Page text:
See also: reĝo and regó

EnglishEdit

EtymologyEdit

From registration +‎ -o (diminutive suffix).

NounEdit

rego (usually uncountable, plural regos)

  1. (uncountable, colloquial, Australia, New Zealand) Registration for a motor vehicle.
    The police pulled me over for driving with an expired rego.
    • 2003, Australian Senate, Parliamentary Debates (Hansard), page 18057,
      You might give these people a badge or some livery for their boat and you can give them a discount on the rego of their boat.
    • 2007, Archie Gerzee, WOW! Tales of a Larrikin Adventurer, page 223,
      They gave us permission to drive in Australia under the British rego, meaning we still had our GB number plates.
    • 2008, Ryan Ver Berkmoes, Peter Dragicevich, Justin Flynn, Paul Harding, East Coast Australia, page 501,
      When you come to buy or sell a car, every state has its own regulations, particularly with rego (registration).
  2. (uncountable, colloquial, Australia, New Zealand) The fee required for such registration.
    David couldn′t drive his car as he hadn′t paid his rego.
  3. (countable, colloquial, Australia, New Zealand) The registration number of a motor vehicle, used by police to access registration details such as the identity of the owner.
    • 1984, Renfrey Clarke, The Picket: Tasmanian Mine Workers Defend Their Jobs, page 84,
      “They also got the regos of the cars. There were two commercial travelers whose cars were trapped inside by the pickets, and they got hit with writs. []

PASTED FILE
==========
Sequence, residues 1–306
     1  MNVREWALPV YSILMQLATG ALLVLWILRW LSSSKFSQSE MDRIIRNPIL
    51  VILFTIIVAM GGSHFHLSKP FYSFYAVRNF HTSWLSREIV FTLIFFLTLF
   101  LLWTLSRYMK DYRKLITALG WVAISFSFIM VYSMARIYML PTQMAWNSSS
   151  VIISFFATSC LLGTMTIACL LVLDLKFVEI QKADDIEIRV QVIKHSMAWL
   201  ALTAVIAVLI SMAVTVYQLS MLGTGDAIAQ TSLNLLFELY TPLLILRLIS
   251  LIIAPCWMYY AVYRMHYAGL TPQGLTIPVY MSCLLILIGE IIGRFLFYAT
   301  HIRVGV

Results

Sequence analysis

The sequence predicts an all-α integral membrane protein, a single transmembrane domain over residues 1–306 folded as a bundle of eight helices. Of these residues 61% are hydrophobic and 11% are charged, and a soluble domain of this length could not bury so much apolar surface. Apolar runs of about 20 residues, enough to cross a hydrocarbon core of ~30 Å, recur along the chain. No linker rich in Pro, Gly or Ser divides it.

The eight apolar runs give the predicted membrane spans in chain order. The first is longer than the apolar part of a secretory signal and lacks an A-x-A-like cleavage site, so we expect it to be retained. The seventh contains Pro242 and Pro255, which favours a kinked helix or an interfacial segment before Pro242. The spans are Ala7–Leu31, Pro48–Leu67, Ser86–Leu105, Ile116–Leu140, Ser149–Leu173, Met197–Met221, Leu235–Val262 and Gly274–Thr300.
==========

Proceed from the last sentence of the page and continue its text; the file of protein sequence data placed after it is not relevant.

• 2010, Alex Palmer, The Labyrinth of Drowning, HarperCollins Australia, unnumbered page,
      A line of cars was parked along one side, presumably belonging to the sex workers and their clients. ‘Get their regos,’ Borghini said to one of his people.

AnagramsEdit


LatinEdit

EtymologyEdit

From Proto-Indo-European *h₃reǵ-.

PronunciationEdit

VerbEdit

present active regō, present infinitive regere, perfect active rēxī, supine rēctum

  1. I rule, govern
  2. I guide, steer

InflectionEdit

SynonymsEdit

Derived termsEdit

Related termsEdit

DescendantsEdit

ReferencesEdit

  • rego in Charlton T. Lewis & Charles Short, A Latin Dictionary, Oxford: Clarendon Press, 1879

NovialEdit

EtymologyEdit

From rege, a monarch , king or queen.

Root: reg-.

Morphemes: reg- + -o (1).

NounEdit

rego (plural regos)

  1. king

Related termsEdit

rege { n } monarch, king or queen
rega { n } queen
regia { n } kingdom
regira { v } reign
regiro { n } reign
regido { n } royal prince
regida { n } royal princess
regal { adj } regal, royal
viserego { n } viceroy
regonal { adj } kingly
reganal { adj } queenly
Last modified on 7 April 2014, at 03:40